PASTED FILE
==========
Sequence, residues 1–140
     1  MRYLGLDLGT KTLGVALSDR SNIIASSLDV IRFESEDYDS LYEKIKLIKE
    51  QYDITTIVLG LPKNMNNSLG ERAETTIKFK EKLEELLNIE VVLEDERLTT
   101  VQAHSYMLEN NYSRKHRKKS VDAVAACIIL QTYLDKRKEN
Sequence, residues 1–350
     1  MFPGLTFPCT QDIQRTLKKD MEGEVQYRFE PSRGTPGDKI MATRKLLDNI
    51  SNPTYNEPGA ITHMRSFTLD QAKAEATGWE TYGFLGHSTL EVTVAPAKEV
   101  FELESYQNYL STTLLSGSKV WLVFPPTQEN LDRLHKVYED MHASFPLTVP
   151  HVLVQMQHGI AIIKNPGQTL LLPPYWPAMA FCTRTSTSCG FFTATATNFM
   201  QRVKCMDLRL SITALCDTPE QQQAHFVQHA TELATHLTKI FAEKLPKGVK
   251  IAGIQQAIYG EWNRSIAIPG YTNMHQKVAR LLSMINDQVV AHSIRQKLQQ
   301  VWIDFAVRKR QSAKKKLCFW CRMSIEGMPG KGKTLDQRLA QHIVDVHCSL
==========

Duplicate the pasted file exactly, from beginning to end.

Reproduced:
Sequence, residues 1–140
     1  MRYLGLDLGT KTLGVALSDR SNIIASSLDV IRFESEDYDS LYEKIKLIKE
    51  QYDITTIVLG LPKNMNNSLG ERAETTIKFK EKLEELLNIE VVLEDERLTT
   101  VQAHSYMLEN NYSRKHRKKS VDAVAACIIL QTYLDKRKEN
Sequence, residues 1–350
     1  MFPGLTFPCT QDIQRTLKKD MEGEVQYRFE PSRGTPGDKI MATRKLLDNI
    51  SNPTYNEPGA ITHMRSFTLD QAKAEATGWE TYGFLGHSTL EVTVAPAKEV
   101  FELESYQNYL STTLLSGSKV WLVFPPTQEN LDRLHKVYED MHASFPLTVP
   151  HVLVQMQHGI AIIKNPGQTL LLPPYWPAMA FCTRTSTSCG FFTATATNFM
   201  QRVKCMDLRL SITALCDTPE QQQAHFVQHA TELATHLTKI FAEKLPKGVK
   251  IAGIQQAIYG EWNRSIAIPG YTNMHQKVAR LLSMINDQVV AHSIRQKLQQ
   301  VWIDFAVRKR QSAKKKLCFW CRMSIEGMPG KGKTLDQRLA QHIVDVHCSL